87 FEDERAL REPORTER.
c,onfusion in the names of the respective manufacturers or their locations, but the similitude for which infringement or fraudulent appropriation is asserted rests in the use of the word "Country," with the qualifying word "Our," having the same initial letter and the same number of letters as in the word "Old" employed by the complainant r and that blue, which is the sole color printed on the complainant's label, is also made quite distinctive as one of the colors in defendants; label. On the other hand, ,the label of the defendants, taken as a whole, presents an appearance of contradistinction from the other. Instead of the sober single coloring of blue on the "Old Country" design, the defendants give emphasis to their assumption of patriotism in the title "Our Country" by taking on the national colors, so that the label is made in red, white (or buff), and blue; the stars and stripes being dominant in the general. effect, and red, rather than the blue, the. dominant color. The design, more effusive than resthetic, has the effe,ct of a challenge rather than a disguise. Surely, there can be no, reasonable presumption that any purchaser of sufficient intelligence to know the want of a special brand, and looking for one marked as an "Old Country" production, would expect to find it under this fervid display of nativity. . I have carefully considered the authorities Cited on behalf of the complainant, ,and not only recQgnize, but heartily concur in, the doctrine which prevails in thi.$ circuit, strongly favoring the equitable remedy. against fraudulentineans to divert or attract the legitimate trade belonging to another by disguises which impose upon unwary purchasers. 'Pillsbury v. Mills Co., 24 U. S. App. 395, 12C. C.A. 432, and 64 Fed. 841; Johnson v. Bauer, 27 C. C. A. 374, 82 Fed. 662. See, also, N. K. Fairbank Co. v. R. W. Bell Mfg. Co., 45 U. So App 190, 23 C. C. A. 554, and 77 Fed. 869; and note to Scheuer v. Mueller, 20 C. C. A. 165. But within the utmost extension of that doctrine no ground is established here, in my opinion, to grant the preliminary injunction prayed for. It must be left to final hearing to determine the weight which may be given to the term "Country," so far as that word may have been appropriated by the complainant to designate its manufacture of soap, especially in view of the showing on behalf of the defendants that the term has long been in popular use as some portion of the trade name of numerous other productions of soap, at least antedating the recording of complainant's trademark, and apparently unquestioned. Therefore the injunction pendente lite is denied.
GENERAL ELECTRIC CO. v. LAGRANDE EDISON ELECTRIC CO. et at. (Circuit Court of Appeals, Ninth .Circuit. May 10, 1898.) , No. 416.
A hol<ler of bon<ls secured bY a general mortgage, to .a trustee r.or the benefit of' .all the bondholders, .although the right to sue belongs to him individually: may not bring a suit to foreclose the mortgage either for the interest or the principal due, 'without alleging that the trustee has been requested,'to bring tbe suit, and has refused, or without showing some other reason why the trustee may not represent him in the suit.
GENERAL ELECTRIC ·CO. V. LA GRAKDE EDISON ELECTRIC CO.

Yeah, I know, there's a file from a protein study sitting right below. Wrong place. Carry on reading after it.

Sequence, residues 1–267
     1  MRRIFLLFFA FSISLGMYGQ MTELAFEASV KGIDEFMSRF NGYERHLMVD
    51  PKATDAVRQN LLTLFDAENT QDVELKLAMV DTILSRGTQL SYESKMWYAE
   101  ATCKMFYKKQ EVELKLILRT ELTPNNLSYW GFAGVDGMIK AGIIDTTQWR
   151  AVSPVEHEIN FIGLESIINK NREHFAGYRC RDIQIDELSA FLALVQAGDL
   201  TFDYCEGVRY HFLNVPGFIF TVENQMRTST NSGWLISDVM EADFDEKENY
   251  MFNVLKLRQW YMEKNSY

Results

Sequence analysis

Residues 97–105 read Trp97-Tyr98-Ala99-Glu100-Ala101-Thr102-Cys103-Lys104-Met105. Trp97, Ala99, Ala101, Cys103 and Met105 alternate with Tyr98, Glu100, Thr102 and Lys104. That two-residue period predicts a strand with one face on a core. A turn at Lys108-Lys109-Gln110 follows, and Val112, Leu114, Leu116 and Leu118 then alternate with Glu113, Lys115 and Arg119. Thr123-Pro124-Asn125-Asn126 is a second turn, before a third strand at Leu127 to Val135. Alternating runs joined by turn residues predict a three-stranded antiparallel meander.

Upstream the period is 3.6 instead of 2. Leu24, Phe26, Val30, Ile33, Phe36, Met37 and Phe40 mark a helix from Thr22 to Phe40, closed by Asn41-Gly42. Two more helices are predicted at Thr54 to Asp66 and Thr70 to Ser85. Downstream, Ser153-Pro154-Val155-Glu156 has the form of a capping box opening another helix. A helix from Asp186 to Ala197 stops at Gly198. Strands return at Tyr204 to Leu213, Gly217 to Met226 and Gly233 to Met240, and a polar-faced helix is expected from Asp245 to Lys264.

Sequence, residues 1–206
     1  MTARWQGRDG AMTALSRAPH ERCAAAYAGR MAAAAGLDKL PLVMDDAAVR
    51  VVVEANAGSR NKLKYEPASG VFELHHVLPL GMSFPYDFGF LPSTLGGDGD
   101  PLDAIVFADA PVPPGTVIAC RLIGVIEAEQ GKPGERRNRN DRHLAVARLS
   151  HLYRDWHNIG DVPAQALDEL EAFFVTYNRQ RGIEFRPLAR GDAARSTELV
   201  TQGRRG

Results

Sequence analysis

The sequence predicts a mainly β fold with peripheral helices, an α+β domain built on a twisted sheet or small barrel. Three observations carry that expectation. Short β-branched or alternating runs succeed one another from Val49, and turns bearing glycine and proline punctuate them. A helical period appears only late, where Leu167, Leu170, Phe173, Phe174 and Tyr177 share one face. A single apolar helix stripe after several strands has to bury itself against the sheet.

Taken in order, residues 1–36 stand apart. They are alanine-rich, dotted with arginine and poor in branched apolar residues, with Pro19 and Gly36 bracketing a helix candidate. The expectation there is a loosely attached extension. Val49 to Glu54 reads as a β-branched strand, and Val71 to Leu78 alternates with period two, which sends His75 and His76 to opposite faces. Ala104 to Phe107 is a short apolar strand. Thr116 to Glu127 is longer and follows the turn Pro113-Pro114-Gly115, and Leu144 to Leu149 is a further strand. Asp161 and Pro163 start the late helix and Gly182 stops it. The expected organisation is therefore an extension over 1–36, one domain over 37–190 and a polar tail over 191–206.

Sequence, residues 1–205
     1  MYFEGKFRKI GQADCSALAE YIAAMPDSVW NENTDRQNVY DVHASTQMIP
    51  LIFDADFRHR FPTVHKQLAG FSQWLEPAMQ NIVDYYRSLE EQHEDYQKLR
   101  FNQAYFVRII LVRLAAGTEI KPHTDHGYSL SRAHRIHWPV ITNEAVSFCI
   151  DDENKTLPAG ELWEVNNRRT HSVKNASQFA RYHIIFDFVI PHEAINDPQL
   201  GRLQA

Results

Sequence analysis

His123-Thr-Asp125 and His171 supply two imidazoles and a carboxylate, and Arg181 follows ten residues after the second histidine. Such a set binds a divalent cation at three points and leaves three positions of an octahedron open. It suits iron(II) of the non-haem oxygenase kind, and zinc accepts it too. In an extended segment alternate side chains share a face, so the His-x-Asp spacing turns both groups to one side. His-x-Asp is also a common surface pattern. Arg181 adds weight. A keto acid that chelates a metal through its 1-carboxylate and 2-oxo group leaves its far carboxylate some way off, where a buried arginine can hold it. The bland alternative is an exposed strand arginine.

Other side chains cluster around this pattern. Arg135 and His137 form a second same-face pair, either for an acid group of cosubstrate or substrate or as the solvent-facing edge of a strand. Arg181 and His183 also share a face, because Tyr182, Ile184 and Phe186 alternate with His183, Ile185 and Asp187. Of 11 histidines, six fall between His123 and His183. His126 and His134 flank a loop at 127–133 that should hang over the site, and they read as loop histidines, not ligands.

Appeal from the Circuit Court of the United States for· the District of Oregon. Frederick V. Holman, for appellant. Dolph, Mallory & Simon, for appellee Security Savings & Trust Co. Before GILBERT and ROSS, Circuit Judges, and HAWLEY, District Judge. GILBERT, Circuit Judge. The appellant was the complainant in a suit in which its bill was dismissed in the circuit court, upon the ground that, as holder of certain bonds, it had brought a suit for foreclosure, without alleging that it had requested the trustee to commence the suit, or alleging any reason for instituting the suit in its own name, save the fact that the mortgagor has failed to pay certain interest coupons, and the trustee has failed to bring suit or to foreclose the mortgage. The mortgage to the trustee provides that upon default by the mortgagor in payment of interest or taxes or any of the bonds as they should fall due, and the continuance of such default for the period of 30 days after notice by the trustee, the trustee might take possession of and operate the mortgaged. property. The trustee was "also authorized, instead of so doing, and with or without taking of said plant, to treat the whole amount of the principal of said bonds, together with all accrued and unpaid interest, as immediately due and payable, and thereupon to proceed to seU and dispose of said property at public auction after due notice and advertisement, as provided therein, and, from the proceeds arising from such sale (after the payment of all taxes, expenses, and charges upon said property, and expenses of such sale, including compensation to said trustee, and reasonable allowance for attorney and counsel fees), to pay the said bonds and coupons." And it was further provided, as one of the conditions of said mortgage or deed 01 trust, that the foregoing provisions for the sale of said property b)' the said trustee, under the above-recited powers, should be cumula tive upon the ordinary remedies of foreclosure by entry or suit there for. The appeal challenges the fuling of the circuit court in dis missing the bill. The rule that a holder of bonds which are secured by a general mortgage to a trustee, for the benefit of all the bondholders, may not bring a suit to foreclose the mortgage either for the interest or the principal due, without alleging that the trustee has been requested to bring the suit, and has refused, or without showing some other reason why the trustee may not represent him in the suit, has been, we believe, so generally acquiesced in that the courts have rarely been called .upon either to apply the rule or to consider the reasons on which it is founded. Said the court in American Tube & Iron Co. v. Kentucky South· ern Oil & Gas Co., 51 Fed. 826: